Updated: Aug 5, 2020
Published 1.11.19, Bailey Fogel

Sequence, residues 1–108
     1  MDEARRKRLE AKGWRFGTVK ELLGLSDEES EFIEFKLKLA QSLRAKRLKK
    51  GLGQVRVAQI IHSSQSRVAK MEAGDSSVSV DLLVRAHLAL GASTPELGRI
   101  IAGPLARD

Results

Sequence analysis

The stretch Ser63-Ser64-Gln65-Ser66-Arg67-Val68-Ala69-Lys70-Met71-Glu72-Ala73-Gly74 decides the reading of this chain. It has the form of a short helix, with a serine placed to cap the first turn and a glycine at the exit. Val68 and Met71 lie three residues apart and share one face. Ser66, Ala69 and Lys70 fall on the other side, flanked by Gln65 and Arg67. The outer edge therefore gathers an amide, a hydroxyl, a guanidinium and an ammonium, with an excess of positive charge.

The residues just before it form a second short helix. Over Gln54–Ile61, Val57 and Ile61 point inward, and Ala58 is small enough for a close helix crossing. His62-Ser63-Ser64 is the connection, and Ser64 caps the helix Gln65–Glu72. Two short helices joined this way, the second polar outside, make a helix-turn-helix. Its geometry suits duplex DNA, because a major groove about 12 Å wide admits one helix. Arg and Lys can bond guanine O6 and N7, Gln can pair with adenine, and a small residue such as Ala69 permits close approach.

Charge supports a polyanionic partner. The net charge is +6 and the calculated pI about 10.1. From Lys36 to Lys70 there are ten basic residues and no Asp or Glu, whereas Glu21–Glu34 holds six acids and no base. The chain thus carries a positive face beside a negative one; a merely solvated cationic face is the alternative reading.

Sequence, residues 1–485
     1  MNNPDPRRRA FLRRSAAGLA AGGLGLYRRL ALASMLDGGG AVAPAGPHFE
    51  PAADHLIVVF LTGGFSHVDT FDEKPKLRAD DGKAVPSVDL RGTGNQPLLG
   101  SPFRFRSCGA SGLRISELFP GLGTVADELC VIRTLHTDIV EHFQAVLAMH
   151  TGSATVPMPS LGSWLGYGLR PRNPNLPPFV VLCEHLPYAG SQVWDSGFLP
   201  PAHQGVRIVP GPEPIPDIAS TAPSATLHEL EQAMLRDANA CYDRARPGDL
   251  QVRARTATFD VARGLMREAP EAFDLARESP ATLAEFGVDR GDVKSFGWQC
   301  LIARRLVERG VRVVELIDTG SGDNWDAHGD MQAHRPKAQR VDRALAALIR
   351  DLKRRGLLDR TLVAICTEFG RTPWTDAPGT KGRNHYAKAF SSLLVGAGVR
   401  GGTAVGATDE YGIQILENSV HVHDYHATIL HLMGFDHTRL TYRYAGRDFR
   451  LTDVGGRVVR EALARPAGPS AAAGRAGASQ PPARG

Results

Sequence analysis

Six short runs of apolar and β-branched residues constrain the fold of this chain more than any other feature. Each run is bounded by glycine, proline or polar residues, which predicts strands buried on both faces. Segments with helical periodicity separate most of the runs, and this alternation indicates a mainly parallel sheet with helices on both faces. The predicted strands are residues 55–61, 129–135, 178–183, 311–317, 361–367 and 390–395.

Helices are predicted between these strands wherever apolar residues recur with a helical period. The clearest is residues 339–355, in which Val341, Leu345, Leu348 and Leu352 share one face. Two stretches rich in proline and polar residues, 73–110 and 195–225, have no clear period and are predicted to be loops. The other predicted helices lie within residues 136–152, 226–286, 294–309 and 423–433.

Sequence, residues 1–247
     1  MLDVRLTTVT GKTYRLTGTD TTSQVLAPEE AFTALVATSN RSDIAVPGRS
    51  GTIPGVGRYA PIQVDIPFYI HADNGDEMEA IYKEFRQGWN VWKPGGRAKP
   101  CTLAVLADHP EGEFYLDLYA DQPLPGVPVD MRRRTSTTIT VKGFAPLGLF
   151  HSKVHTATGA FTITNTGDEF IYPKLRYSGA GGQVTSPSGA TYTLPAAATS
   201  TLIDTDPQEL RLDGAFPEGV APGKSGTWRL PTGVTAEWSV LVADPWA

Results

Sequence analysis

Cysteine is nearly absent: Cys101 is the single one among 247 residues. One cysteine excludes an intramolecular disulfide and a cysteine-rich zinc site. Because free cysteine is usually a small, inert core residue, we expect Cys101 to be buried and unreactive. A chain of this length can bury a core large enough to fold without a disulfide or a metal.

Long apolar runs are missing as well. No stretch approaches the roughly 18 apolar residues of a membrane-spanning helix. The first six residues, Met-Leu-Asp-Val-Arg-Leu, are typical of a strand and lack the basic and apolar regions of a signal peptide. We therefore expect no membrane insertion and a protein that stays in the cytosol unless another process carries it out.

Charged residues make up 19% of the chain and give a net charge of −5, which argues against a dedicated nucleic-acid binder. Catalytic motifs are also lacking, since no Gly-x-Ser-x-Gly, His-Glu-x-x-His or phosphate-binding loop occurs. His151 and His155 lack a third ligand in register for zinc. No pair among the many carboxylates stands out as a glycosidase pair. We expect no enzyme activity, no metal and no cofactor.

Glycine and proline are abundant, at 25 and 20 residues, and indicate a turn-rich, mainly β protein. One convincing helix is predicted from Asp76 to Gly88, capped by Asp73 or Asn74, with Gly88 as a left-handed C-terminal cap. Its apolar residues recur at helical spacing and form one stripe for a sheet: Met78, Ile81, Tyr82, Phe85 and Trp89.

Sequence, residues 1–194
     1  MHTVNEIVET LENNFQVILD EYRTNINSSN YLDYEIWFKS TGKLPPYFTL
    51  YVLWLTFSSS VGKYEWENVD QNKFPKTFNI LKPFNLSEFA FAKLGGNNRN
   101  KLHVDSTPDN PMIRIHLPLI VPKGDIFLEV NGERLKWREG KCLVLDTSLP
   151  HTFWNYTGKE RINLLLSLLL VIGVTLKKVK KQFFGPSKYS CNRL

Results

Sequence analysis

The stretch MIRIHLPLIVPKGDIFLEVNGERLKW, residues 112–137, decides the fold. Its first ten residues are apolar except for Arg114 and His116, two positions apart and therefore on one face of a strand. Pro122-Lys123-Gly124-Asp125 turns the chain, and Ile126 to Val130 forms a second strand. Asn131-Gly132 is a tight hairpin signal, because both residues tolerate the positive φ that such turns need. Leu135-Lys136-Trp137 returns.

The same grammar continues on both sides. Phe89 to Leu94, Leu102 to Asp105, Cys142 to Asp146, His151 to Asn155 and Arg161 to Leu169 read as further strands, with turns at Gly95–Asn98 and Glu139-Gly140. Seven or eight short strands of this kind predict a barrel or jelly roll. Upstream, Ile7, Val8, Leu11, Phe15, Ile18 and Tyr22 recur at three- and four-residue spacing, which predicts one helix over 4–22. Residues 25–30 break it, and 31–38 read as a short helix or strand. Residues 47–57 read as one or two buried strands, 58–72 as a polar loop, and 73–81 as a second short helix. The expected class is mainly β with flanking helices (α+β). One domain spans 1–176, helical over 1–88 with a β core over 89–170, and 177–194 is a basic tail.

Hello and welcome to the hosts table. Come in, take your jacket off, sit down and stay a while! Behind the screen today is Bailey Fogel. I have been a part of the Climate Cafe for almost four years now and am a passionate environmentalist. This part of our blog will focus on the hosts (high schoolers from all around the Great Marsh) and their personal reflections on Climate Cafes. Hosts often have so many important realizations during Cafes that I thought it would be important for them to document them. Below is an essay of mine I have written about how meaningful intergenerational conversation is and also a special person to all us hosts, Shari Melto. Enjoy! It was then, as the swallows swooped down just feet from us, that I felt harmony in the present moment. Although a few clouds threatened the coming of the sun, the sky still brightened and morning on the marsh continued. I was enveloped in a blanket and my fingers were intertwined in a warm cup filled with coffee that she had kindly filled moments before. On the famous deck we sat, in silence, observing the waking world around us. Ever since I was introduced to Shari, her enthusiastic approach to find solutions to the world's most complicated and often overlooked problems has impressed me. Decades apart, she and I have many differences, but we have a common goal, to preserve the world for future generations, and we bring awareness to this shared bond through meaningful conversation, giving both of us hope for what is to come. Although Shari and I have lived separate lives, we still connect through shared goals and core values. She grew up in the midwest, lived in New York City to pursue her career, and moved to her shack on the salt marsh. There she finds solitude on her deck with the marsh; her thousands of books keep her company. I was brought up in a small coastal city, living in a half-house with my family. I spent my childhood along the coast of Plum Island which made a deep impression on my view of the natural world. Throughout the past few years of my chaotic high school life I have found refuge in my friendship with Shari. She welcomes me whenever her butterfly flag flies high, and mostly whenever conversation calls. She and I have spent hours together on her famous deck looking over the salt marsh, attending climate protests in Boston, and over lunch in cafes. Our conversations stretch from topics as different as ways to implement meaningful conversation in our polarized world to our recent adventures. At times I sit back and zoom out on the situation. We are two women, born nearly half a century apart, and we still connect. Shari has taught me many lessons on how to get the most out of our one “wild and precious life”, as Mary Oliver once said. Shari’s wealth of knowledge stems from the books she has read and the authors she has worshipped, authors to whom she has referred me. She has opened up me to the world of Thoreau, Emerson, and many other famous poets and authors. Shari and I have built a symbiotic relationship. I inform her of the modern day thought process of teenagers, and she teaches me the lessons that took her many years and books to understand. If I were to meet another being like Shari, to whom I am sure there is no one to compare, I would react the same. I would welcome that person into my life with gratitude, for the stories we could share. Often people my age overlook elders as people who, “just don’t understand them,¨ or the opposite: Some elders look down upon teenagers and assume we don’t know anything important. But I believe there is a reason for these situations. We don’t communicate. We don’t take advantage of the years of experience they have had of which we have not. Intergenerational communication is needed today more than ever, considering the drastic changes technology has had on our generation as well as the detrimental problems posed by climate change. Clear communication among all generations is necessary to create positive change. Everytime I walk down Shari’s front steps to head home, I carry a different head on my shoulders than I had when I had climbed up them. I leave determined and inspired, feeling like we just solved all the world's problems through conversation, but one problem is always left unsolved, getting the world to hear us.